Adopt a Multimedia Project

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URL: http://www.washingtonpost.com/wp-dyn/content/article/2007/11/27/AR2007112702680.html

This is a screenshot of a piece of work while Wilbon worked at the Washington Post. He was a sports writer for the Washington Wizards for a few years until he took a job at ESPN.

 

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URL: http://espn.go.com/chicago/nba/story/_/id/12817328/the-chicago-bulls-healthy-talent-needed-beat-lebron-james-cleveland-cavaliers

This is a screenshot of a piece of work Michael wilbon produced while working as columnist for ESPN Chicago. Wilbon began to cover NBA but his style of writing and knowledge of sports led him to a bigger role.

 

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URL: http://espn.go.com/espnradio/podcast/archive?id=2406595

This is a screenshot of Michael Wilbon’s tv show that he is most known for called Pardon the Interruption, or PTI. Michael Wilbon and Tony Kornheiser co-host the show and talk about sports topics related to the week in sports. Pardon the interruption has now become one of the top sports talk shows on ESPN.

 

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URL: Itunes search- Michael Wilbon

This is a screenshot of Itunes where you can find Michael WIilbon podcasts. Not only can you find his podcasts for the show PTI, but you can also find any radio talk show where he has been featured in. he has begun to start his own podcasts where he talks about similar issues as he does on the show only he has more people to talk to.

 

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URL: http://espn.go.com/chicago/columns/archive?name=michael-wilbon

This is a screenshot of a list of works by Wilbon while working for ESPN. He took on a greater role than just being beat reporter for the bulls. He also took on roles of reporting for the bears, cubs, white sox, and many other sports.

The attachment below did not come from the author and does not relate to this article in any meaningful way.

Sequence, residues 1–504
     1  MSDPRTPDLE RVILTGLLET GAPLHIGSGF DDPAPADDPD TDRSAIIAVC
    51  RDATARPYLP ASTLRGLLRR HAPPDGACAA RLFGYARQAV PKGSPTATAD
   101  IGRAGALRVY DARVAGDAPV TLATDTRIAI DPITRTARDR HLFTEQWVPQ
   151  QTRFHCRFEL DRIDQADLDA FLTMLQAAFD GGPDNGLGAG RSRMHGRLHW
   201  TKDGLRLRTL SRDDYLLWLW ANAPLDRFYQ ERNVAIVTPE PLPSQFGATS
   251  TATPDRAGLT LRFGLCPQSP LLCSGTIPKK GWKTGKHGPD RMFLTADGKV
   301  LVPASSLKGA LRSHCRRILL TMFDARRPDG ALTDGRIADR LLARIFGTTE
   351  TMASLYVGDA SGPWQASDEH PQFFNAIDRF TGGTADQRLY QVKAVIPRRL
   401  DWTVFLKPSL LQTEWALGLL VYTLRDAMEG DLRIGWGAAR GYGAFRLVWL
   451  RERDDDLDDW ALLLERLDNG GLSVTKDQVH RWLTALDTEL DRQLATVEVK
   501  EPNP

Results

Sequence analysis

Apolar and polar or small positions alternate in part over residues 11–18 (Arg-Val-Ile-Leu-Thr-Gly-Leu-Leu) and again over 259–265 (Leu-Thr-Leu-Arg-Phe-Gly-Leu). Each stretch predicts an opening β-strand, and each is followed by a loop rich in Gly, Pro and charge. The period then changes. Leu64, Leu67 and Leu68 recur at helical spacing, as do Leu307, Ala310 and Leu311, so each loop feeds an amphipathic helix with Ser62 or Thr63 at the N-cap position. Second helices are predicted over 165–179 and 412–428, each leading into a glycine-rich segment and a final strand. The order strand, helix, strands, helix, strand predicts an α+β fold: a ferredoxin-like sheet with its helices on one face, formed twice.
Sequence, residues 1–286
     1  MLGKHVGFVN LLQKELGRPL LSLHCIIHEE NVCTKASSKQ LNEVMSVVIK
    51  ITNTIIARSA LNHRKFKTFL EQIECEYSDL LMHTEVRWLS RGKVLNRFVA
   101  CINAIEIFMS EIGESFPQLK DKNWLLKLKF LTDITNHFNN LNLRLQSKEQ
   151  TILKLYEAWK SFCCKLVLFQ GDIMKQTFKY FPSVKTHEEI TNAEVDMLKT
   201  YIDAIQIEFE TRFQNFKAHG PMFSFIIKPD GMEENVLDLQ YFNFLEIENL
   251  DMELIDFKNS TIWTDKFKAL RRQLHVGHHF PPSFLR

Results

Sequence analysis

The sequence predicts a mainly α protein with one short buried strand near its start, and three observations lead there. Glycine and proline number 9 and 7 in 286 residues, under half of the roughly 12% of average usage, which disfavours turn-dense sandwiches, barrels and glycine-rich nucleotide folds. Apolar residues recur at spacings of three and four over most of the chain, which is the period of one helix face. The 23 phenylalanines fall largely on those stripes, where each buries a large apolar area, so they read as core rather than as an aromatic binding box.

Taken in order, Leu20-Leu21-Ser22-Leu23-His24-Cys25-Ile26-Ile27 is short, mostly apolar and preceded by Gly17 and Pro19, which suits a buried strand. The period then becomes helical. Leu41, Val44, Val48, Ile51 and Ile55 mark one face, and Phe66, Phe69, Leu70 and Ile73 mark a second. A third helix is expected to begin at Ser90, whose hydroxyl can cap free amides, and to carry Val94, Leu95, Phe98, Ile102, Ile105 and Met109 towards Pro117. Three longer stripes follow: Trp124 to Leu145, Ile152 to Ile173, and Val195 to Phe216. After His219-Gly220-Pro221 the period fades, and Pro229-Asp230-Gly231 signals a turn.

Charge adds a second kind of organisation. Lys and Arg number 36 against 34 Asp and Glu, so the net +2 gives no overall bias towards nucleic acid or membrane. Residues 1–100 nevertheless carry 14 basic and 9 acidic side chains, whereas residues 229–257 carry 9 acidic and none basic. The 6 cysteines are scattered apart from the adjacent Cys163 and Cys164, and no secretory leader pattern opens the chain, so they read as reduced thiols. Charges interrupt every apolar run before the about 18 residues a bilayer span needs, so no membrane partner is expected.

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URL: http://espn.go.com/video/clip?id=14277007

this is a screenshot of the show PTI. Not only is this a radio talk show, but its also a podcast, and on ESPN daily. Michael Wilbon took co-host of the show in 2011, with Tony Kornheiser.

 

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URL: http://www.espnfrontrow.com/wp-content/uploads/2013/01/EI_99333_20121102_SC1_6984.jpg

Seated left, Michael Wilbon also appears as a NBA analyst for KIA NBA Countdown, on ESPN and ABC. His works for the ESPN Chicago were noticed and he was given the position alongside three former NBA stars.

 

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URL: https://twitter.com/RealMikeWilbon?ref_src=twsrc%5Egoogle%7Ctwcamp%5Eserp%7Ctwgr%5Eauthor

This is a screenshot of Michael Wilbon’s twitter. He is an active sports columnist who avidly uses twitter to relay his information. He reports from anything breaking news related about sports, or rumors about teams to almost anything.

 

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URL: http://espn.go.com/nba/story/_/id/14001164/nba-chicago-bulls-success-rides-knees-derrick-rose

This is a screenshot of another article relating to Chicago sports that wilbon covered. He has been a part of ESPN Chicago for almost 10 years.

 

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URL: http://sports.espn.go.com/chicago/columns/story?page=wilbon/101208